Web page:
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Photography as Therapy

Stephen Hipperson , Nov 21, 2011; 07:28 a.m.

Do you think that photography can be used as therapy in the treatment of mental illness? I'm certainly aware of 'Art as Therapy', in particular where individuals 'communicate' their inner feelings through production of pieces based on their inner personalities/feelings/etc, i.e. it becomes an effective means of getting what's in out, so to speak. But is photography capable of doing the same thing, as it tends to be an input output type of medium where pen/brush/clay tends to be straight output.

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Arthur Plumpton , Nov 21, 2011; 07:58 a.m.

Interesting and possibly very valuable proposal. I have had the privilege to see on a few occasions the art work of mentally challenged persons, most recently this past October in a wing of a gallery otherwise featuring turn of the century (19th/20th) art and which attracts a wide sector of society. The act of transferring thoughts to image via a paintbrush is perhaps more therapeutic than that which might come from mentally conceiving and making a photograph. Probably the therapy needs a bit of time in the doing and the photograph is perhaps too instantaneous for that (although good photography does normally require a lot of accompanying thought about the subject matter or conditions). But it could be useful, particularly in one of the two following modes: (a) by requesting the photographer to do a series of photos on one theme or subject, of his choosing (or in reflection on some existing art work); or (b) by having the photographer take several of his images, with perhaps other cut-out illustrative material, and make a collage of these elements.

Matt Laur , Nov 21, 2011; 08:01 a.m.

Check out Marwencol.

Pure therapy, and photography plays an important role in it.

Mukul Dube , Nov 21, 2011; 08:26 a.m.

Some years ago, the psychiatry department of a hospital sent two people to me with the specific request that I introduce them to photography. I understand that the "therapy" was deemed successful. I was on my guard but found that teaching and criticising could be done much as with "normal" people. My lay person's conclusion is that any activity which needs sustained concentration can be helpful in therapy. I'd say that all creative or productive activity, not just photography, needs a certain amount of input.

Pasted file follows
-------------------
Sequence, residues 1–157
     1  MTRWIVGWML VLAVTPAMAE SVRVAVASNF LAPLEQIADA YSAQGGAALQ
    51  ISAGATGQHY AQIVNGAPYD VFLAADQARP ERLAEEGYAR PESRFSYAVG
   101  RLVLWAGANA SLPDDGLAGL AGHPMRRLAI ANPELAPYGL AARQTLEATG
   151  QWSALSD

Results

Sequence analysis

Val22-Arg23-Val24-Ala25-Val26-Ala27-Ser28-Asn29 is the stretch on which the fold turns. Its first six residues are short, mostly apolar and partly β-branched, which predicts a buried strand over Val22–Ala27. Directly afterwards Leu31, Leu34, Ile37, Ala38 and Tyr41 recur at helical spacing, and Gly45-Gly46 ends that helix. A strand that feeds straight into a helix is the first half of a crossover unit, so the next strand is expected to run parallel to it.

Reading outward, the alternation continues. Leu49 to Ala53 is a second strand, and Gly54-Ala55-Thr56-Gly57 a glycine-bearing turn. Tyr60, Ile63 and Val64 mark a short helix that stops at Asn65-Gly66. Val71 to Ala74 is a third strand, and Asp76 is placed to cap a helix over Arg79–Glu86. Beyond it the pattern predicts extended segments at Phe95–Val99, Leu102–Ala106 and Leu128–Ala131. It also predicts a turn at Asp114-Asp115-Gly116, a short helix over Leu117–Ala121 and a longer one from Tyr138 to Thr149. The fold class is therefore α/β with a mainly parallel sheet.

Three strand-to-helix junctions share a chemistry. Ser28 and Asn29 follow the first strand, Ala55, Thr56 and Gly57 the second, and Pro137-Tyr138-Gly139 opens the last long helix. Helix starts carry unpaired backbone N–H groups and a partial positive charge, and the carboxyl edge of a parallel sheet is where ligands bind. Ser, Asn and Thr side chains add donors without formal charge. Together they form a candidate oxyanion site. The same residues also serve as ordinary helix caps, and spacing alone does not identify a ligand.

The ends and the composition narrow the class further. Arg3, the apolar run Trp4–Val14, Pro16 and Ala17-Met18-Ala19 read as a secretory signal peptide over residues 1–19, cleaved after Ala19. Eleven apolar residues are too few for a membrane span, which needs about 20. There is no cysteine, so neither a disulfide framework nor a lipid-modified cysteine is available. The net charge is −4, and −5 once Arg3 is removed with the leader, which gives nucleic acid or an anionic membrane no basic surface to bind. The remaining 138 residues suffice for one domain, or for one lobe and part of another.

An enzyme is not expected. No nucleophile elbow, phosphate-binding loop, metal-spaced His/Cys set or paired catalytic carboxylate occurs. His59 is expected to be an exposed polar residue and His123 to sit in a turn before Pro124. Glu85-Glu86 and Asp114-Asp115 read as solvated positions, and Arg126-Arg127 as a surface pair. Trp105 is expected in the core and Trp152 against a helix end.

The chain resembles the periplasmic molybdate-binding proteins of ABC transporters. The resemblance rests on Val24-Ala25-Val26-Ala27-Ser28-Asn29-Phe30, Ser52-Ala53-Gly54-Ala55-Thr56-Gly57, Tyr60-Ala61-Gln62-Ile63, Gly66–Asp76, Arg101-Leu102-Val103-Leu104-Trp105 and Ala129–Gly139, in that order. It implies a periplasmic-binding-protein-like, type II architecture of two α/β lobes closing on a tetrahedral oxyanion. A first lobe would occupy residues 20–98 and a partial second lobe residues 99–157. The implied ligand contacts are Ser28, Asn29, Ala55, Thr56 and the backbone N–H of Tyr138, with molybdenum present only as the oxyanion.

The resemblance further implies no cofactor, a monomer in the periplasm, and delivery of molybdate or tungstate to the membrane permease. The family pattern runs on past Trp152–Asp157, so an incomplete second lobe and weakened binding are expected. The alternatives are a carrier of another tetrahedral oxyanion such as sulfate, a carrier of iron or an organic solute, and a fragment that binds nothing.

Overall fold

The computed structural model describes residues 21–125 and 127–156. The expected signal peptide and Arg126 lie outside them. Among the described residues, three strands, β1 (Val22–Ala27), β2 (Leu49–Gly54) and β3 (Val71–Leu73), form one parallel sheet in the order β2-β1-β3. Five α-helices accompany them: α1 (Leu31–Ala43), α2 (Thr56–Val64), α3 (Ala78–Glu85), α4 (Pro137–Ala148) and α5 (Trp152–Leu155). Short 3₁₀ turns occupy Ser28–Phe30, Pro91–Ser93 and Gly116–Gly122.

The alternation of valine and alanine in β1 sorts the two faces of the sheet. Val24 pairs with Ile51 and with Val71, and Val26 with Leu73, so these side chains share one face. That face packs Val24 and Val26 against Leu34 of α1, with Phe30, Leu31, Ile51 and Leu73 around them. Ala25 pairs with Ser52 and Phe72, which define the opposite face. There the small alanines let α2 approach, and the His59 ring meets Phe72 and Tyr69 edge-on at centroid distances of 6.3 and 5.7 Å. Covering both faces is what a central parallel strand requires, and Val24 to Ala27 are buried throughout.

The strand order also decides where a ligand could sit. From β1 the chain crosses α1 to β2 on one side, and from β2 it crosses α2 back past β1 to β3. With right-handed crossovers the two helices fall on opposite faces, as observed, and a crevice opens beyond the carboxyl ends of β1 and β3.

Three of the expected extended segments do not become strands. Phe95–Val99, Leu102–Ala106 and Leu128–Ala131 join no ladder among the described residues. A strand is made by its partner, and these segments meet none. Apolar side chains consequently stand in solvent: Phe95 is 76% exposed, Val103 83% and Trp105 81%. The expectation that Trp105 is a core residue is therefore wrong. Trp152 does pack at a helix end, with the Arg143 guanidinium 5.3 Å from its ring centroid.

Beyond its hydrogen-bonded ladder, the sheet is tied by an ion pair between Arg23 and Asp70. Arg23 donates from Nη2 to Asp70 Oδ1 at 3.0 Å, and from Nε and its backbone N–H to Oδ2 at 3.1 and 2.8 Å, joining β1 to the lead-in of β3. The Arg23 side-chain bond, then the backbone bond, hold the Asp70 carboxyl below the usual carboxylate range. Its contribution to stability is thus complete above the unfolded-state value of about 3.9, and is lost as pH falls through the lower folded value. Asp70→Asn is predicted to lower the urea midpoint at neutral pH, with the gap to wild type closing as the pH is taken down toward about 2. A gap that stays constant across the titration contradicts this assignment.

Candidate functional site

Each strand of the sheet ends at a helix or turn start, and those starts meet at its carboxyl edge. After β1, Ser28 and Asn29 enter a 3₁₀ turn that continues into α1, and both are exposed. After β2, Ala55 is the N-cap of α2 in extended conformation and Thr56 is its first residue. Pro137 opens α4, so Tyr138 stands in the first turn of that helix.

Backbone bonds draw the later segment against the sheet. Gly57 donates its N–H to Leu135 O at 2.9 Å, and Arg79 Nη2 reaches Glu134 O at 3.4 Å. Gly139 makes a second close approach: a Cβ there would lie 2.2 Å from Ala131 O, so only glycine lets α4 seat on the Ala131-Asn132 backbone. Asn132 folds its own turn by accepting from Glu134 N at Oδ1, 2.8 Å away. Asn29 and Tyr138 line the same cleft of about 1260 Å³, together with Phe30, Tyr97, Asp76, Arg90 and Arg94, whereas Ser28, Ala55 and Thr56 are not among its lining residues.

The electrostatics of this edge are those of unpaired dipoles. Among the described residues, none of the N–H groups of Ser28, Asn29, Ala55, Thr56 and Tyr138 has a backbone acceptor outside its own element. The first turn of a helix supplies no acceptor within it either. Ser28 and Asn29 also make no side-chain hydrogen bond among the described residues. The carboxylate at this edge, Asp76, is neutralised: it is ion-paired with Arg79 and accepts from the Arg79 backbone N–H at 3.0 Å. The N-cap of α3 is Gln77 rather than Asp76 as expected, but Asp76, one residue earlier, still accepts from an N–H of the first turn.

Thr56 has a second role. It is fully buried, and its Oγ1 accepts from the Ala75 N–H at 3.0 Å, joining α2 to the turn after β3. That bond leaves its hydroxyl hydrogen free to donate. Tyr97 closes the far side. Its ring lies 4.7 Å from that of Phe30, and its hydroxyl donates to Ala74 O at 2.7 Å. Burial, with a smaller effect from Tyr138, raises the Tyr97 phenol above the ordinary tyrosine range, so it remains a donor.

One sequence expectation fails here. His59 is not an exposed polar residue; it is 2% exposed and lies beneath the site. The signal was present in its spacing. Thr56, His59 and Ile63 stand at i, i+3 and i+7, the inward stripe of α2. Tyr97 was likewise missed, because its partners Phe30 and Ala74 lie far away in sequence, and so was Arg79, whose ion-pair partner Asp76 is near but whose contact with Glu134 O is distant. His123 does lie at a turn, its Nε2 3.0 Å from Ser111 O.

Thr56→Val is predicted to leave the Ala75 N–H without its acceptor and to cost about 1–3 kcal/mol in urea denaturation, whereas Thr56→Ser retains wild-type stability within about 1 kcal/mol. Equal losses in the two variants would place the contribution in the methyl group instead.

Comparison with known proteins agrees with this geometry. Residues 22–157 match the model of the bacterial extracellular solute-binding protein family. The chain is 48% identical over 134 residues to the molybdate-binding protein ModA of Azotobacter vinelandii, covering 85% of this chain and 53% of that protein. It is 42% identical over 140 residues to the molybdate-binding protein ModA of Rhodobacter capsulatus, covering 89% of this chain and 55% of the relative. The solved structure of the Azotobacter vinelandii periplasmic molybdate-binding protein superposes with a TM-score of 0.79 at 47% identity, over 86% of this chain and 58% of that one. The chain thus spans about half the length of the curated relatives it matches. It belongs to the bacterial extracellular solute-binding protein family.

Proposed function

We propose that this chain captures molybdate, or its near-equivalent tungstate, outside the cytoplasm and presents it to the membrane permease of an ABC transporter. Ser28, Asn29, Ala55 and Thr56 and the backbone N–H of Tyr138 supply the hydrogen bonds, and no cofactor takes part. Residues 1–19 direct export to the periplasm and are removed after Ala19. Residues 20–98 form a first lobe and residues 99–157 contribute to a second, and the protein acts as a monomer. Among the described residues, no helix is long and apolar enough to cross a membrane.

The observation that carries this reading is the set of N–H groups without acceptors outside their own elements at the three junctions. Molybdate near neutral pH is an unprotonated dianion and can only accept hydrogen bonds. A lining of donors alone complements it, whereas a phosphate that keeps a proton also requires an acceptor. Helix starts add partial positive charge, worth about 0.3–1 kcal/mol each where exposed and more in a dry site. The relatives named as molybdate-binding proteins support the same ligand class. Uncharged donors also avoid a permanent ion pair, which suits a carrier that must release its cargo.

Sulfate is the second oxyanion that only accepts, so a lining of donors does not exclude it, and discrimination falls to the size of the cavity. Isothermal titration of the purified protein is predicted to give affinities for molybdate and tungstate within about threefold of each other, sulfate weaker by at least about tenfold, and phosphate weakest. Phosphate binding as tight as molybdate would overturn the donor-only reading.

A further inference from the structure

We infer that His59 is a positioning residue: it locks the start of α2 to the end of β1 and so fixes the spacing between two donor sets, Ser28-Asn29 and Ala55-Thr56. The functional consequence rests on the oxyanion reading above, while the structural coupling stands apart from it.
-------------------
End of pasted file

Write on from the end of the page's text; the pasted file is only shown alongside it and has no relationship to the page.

Fred G. , Nov 21, 2011; 09:19 a.m.

It can work the other way as well. The process of making photographs (emotional aspects, relationships with subjects and even viewers, obsessions about them, ongoing reaching for more, moments of doubt and anxiety, surprising revelations, opening oneself up to judgment) may cause one to need therapy.

Alan Zinn , Nov 21, 2011; 09:25 a.m.

I believe a trained therapist, shaman or psychologist, can make anything a tool for therapy. The image becomes the focus around which the discussion flows. The practice of art therapy is well established. A camera is just another medium.

Steve J Murray , Nov 21, 2011; 12:07 p.m.

Yup, I'm with Alan on this. Anything can be a "tool for therapy," in the hands of a good therapist, in whatever system he or she is using. In the hospital we use many forms of therapy, such as movement therapy, occupational therapy (often working on crafts), music therapy, group discussions on a topic, etc.
Fred, for most people, life is therapy. If something you do in life causes you to examine your life and you struggle through to resolve the issues that come up, this is the most natural form of growth, and "therapy."

Luis G , Nov 21, 2011; 01:11 p.m.

Fred G - "may cause one to need therapy."

True, and after I stopped laughing, it occurred to me that being driven to the realization that you need therapy is in a way, therapeutic.

Alan Z - "I believe a trained therapist, shaman or psychologist, can make anything a tool for therapy."

I agree, and would only add that not just the image, but the process involved can be at the core of it. I have written about and photographed an organization that has a studio in which their members make ceramics and paintings, and they are big on the process, not just the outcome.

Alan Zinn , Nov 21, 2011; 05:07 p.m.

Why does the film "Proof" (1991) come to my mind here? Blind photographer does
self-therapy with help from friends' descriptions of the pictures he takes. Oh
well, it's an excellent film.
http://movies.netflix.com/WiMovie/Proof/70012672?trkid=2361637

Michael Linder , Nov 21, 2011; 06:06 p.m.

Usually, when I am wandering about with a camera in my hand, I tend to feel relaxed to a certain degree. Probably I am not allowing myself to be distracted by the usual pressures of work, etc. The same goes for my tweaking the photographs once they've been taken. The outcome tends to be my feeling better. I take it, though, that the OP is really about a formalized set of processes and/or procedures.


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